Mark Steyn, pre-Romney
HH: I should probably try and pick up on Mark Steyn. Mark Steyn, save me. I’m vamping here.
MS: (laughing) I was rather enjoying that.
MS: I was waiting for you to give away the turkucken.
MS: I was hoping for the turducken. I’d never heard of such a thing until about, whenever it was, about ten or twelve years ago. Martha Stewart was a guest on my BBC Christmas show, and went into raptures about the turducken. I didn’t believe it existed. I thought it was something she’d made up, and it shocked me to discover that it actually exists.
HH: You did a BBC Christmas show?
MS: Oh, yeah, yeah. It was very…I used to be more in demand over there than I was later. In fact, I think after that turducken show was when they fired me, so I don’t know whether they didn’t believe in the turducken, either.
HH: (laughing) What was the turducken…what was the Christmas show about? I mean, were you cooking in the kitchen and doing like a morning show in America deal?
MS: No, it was just, it was a talk show, but at Christmas, we used to lighten up, and at seasonal occasions, we’d lighten up and get Martha Stewart in to talk about traditional cooking and decorating and things, and we’d have a few songs, you know, like you do. You lighten up when it gets to the holiday time.
HH: We do, we do, but not this year, not with all of this politics going on. Well, let me ask you while we’ve got you, Mike Huckabee, my first question on my list is Mike Huckabee is the flavor of the month, and I want Romney to tell me the differences with him. What do you think of Huckabee?
MS: I’m a bit concerned about Huckabee when you look at his record down in Arkansas. I wasn’t impressed by him the only time I encountered him live, which was admittedly at the beginning of the year, and no doubt he’s brought himself up to speed a bit since then. You know, I have very grave concerns about the mix with a lot of these candidates. Some of them are good on other things, some of them are bad on other things. But very few of them seem to wrap the whole thing up into the perfect package. And my concern is that Huckabee doesn’t have any great credibility on the foreign affairs thing. He sort of has a kind of perfunctory attitude to that, which I find a little distressing. And then on some of these, some of the fiscal and governmental issues, he’s way too much into the, he has big government aspects to him that I’m not comfortable with.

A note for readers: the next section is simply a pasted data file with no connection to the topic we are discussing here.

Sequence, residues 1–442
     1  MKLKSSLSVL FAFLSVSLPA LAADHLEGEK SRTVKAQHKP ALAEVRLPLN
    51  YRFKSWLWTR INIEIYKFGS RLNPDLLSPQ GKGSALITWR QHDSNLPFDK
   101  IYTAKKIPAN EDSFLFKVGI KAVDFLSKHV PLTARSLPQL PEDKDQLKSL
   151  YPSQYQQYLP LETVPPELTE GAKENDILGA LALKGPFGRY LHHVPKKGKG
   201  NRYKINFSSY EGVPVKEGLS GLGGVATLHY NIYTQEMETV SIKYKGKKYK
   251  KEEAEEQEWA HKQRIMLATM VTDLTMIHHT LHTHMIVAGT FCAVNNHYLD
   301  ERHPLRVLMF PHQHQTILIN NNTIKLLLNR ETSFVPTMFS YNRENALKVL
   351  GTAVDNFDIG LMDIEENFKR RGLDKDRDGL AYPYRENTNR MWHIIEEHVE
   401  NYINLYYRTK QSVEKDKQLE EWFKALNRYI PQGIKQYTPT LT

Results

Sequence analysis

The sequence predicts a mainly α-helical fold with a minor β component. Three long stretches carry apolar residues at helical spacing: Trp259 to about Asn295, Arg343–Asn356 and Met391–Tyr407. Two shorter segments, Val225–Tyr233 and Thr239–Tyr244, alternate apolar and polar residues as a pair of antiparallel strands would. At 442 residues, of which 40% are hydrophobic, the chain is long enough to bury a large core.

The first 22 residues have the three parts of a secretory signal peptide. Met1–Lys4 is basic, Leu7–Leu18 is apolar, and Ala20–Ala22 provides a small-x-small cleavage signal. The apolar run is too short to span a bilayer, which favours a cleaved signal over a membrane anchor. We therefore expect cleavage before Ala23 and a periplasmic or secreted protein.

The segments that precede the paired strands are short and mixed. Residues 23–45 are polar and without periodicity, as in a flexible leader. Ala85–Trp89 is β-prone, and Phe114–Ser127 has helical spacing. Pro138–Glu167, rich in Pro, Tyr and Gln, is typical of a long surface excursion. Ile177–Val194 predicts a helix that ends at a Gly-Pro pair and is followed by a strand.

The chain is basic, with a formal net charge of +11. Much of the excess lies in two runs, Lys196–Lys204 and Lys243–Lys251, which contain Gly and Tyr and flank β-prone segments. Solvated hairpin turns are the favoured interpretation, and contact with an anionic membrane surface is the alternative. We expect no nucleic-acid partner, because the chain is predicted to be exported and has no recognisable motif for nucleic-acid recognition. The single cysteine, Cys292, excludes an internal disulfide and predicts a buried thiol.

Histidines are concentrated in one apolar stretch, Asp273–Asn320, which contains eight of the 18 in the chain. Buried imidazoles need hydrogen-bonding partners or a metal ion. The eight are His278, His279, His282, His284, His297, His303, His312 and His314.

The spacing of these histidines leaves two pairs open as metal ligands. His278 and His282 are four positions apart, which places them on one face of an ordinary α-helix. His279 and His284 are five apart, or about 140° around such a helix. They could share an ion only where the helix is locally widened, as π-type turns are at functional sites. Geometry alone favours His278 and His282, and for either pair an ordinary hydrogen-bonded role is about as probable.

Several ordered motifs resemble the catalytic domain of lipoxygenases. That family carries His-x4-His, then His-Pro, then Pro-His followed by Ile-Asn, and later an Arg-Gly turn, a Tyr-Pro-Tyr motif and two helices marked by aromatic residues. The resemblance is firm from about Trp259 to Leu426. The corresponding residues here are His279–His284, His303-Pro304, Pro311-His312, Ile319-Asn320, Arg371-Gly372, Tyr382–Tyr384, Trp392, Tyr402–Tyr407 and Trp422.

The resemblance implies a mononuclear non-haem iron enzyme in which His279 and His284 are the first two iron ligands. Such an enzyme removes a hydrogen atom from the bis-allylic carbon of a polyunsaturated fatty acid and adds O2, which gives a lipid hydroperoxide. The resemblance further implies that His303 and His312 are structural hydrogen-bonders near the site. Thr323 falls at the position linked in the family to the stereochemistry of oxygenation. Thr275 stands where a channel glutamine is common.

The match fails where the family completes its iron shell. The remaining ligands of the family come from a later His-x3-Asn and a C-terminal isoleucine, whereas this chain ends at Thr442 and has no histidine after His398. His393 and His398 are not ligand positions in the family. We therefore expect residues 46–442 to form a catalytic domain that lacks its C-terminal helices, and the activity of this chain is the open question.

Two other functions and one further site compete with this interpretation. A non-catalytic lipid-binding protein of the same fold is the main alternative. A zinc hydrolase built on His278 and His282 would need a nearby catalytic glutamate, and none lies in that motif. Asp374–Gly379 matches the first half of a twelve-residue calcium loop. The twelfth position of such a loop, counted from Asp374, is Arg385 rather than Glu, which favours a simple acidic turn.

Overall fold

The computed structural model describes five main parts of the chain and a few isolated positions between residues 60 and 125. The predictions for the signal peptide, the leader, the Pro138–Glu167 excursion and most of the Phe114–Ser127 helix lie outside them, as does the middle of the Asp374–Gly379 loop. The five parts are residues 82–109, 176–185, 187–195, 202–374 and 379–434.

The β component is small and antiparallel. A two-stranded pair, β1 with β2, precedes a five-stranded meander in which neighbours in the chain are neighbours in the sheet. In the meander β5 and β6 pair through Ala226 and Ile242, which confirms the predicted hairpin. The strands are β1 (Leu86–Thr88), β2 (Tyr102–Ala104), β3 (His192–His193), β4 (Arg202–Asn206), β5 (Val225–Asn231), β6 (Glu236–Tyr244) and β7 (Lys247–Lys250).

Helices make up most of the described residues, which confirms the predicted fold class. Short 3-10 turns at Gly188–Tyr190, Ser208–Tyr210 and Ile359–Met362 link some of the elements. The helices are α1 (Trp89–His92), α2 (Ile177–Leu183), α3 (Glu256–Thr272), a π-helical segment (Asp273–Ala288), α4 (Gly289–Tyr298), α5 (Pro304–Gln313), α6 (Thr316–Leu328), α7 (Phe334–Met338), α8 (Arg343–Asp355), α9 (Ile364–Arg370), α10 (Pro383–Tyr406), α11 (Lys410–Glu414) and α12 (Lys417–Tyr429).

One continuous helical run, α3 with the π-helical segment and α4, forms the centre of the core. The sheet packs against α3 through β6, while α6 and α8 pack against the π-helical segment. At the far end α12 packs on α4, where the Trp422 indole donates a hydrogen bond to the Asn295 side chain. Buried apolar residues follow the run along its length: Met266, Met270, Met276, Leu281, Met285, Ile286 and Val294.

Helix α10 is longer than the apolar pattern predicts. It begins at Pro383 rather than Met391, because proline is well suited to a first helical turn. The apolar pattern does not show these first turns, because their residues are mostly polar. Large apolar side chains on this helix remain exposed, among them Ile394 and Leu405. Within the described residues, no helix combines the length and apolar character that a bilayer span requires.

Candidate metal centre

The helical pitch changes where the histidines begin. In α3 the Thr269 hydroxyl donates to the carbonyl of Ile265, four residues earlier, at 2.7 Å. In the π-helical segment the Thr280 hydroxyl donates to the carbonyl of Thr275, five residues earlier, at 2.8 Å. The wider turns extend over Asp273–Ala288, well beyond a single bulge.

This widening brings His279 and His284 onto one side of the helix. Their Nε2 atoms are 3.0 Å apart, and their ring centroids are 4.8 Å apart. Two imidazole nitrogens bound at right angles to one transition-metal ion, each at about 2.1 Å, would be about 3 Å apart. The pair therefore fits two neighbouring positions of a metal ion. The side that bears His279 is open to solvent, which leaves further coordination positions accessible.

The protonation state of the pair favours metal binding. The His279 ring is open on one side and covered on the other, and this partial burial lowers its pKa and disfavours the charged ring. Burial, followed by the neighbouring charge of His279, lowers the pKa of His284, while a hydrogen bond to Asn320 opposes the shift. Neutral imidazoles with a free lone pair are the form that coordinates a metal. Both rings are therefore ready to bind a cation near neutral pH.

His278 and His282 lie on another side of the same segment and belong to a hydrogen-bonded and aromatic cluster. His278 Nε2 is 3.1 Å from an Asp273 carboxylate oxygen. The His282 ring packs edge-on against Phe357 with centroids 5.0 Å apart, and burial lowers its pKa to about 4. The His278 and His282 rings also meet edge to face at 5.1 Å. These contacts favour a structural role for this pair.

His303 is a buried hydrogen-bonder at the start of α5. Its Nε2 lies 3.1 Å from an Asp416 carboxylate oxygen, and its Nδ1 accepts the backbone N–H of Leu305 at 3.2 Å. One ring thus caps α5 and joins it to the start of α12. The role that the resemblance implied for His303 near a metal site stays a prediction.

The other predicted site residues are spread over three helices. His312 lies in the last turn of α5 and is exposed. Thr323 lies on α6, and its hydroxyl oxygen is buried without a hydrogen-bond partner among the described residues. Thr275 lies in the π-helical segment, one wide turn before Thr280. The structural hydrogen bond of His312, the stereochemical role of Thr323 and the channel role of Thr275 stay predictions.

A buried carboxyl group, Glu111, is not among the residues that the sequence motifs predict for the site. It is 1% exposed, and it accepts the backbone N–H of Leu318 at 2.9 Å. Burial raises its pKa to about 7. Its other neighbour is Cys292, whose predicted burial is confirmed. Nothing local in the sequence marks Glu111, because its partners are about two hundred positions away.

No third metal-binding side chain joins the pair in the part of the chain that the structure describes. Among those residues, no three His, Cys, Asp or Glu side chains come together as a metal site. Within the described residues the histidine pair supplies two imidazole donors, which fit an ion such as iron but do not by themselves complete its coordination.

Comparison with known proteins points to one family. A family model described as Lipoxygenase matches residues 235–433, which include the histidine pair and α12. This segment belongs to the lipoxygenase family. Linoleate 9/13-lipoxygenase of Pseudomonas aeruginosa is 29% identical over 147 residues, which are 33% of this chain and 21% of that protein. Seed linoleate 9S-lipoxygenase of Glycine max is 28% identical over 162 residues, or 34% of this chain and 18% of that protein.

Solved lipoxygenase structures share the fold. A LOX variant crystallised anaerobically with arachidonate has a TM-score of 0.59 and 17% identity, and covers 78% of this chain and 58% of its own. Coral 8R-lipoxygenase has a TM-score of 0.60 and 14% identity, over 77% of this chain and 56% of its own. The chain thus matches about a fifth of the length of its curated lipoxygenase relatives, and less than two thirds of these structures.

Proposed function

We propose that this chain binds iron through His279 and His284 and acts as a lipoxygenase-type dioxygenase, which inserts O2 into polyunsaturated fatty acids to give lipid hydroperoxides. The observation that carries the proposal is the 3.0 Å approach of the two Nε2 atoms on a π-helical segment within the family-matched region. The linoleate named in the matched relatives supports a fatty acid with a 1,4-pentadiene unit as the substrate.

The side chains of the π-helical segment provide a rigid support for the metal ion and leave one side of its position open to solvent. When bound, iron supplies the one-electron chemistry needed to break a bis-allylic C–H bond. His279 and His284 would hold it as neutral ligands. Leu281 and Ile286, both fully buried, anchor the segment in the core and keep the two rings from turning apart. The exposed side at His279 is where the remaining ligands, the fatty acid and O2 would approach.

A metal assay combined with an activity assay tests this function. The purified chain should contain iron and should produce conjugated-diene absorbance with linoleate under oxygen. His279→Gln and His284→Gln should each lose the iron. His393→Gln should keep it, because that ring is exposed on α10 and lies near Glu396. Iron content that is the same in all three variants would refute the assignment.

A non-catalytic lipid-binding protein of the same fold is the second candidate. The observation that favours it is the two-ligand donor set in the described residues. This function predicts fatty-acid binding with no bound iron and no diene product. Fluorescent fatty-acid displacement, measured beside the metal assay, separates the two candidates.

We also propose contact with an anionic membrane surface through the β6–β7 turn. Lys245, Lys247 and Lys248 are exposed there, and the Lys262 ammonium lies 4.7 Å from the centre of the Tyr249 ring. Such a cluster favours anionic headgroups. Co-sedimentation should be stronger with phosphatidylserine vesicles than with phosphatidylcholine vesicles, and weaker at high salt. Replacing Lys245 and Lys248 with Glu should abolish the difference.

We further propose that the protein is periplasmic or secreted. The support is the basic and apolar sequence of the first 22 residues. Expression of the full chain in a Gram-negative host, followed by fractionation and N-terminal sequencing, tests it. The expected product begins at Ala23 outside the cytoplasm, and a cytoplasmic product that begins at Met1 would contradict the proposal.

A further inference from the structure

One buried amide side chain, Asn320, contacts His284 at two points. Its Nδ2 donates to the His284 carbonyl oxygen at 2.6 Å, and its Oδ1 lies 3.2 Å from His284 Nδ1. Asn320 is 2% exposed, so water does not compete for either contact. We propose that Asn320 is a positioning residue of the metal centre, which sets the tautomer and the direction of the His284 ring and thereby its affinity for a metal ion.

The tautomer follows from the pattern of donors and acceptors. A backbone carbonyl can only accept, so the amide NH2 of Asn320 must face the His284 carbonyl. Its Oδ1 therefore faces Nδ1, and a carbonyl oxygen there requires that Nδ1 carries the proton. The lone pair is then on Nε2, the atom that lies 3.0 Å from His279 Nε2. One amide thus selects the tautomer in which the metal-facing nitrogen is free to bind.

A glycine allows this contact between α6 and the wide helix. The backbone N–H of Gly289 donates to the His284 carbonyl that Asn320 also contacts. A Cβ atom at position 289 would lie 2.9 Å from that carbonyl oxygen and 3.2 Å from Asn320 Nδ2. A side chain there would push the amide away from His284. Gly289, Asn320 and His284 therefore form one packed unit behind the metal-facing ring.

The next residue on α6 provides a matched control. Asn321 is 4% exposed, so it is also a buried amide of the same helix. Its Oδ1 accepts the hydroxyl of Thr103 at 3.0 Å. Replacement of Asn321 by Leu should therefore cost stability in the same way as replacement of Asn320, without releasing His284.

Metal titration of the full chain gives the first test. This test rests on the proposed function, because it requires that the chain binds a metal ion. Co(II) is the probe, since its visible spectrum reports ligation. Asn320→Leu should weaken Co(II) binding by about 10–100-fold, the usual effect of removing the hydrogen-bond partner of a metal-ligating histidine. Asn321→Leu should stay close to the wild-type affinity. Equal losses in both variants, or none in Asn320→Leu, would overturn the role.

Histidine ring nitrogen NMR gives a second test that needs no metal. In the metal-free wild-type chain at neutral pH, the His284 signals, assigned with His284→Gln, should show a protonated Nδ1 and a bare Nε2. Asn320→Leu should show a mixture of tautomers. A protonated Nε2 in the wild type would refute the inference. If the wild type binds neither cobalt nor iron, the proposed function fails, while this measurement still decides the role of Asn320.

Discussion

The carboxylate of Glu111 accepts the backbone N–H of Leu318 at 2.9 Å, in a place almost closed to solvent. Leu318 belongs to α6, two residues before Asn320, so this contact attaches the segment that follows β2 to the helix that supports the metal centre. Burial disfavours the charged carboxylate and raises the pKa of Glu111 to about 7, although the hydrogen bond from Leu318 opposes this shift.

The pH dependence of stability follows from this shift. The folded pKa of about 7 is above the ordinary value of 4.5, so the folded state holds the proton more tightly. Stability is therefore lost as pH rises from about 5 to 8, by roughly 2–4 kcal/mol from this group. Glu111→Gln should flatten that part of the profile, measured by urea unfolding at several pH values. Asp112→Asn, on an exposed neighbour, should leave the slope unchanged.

HH: Do you think he lasts? I mean, he got his little surge, his little pop. I don’t think it lasts, but what do you think?
MS: Well, I think actually, there’s something rather cynical about this going on in the media, this poll in Iowa. I don’t know, I think polls in New Hampshire, relatively speaking, mean something, because it’s a primary election. Polls in Iowa, I don’t think do mean something, because a caucus is a crazy system, and it depends a lot more on all kind of other factors. And I think the media are talking up Huckabee in a way, because he would be their preferred opponent. I can’t imagine a Huckabee-Hillary race in which Hillary doesn’t really make mince meat of him. So I think there’s something slightly suspect in the media’s talking up of Huckabee.
HH: Also on my list of questions for the governor, and it’s now going to be after the break, and I’m going to try and hold you, trick you into coming back afterwards to comment on it, is the Robert Redford comment. Did you see this, Mark Steyn?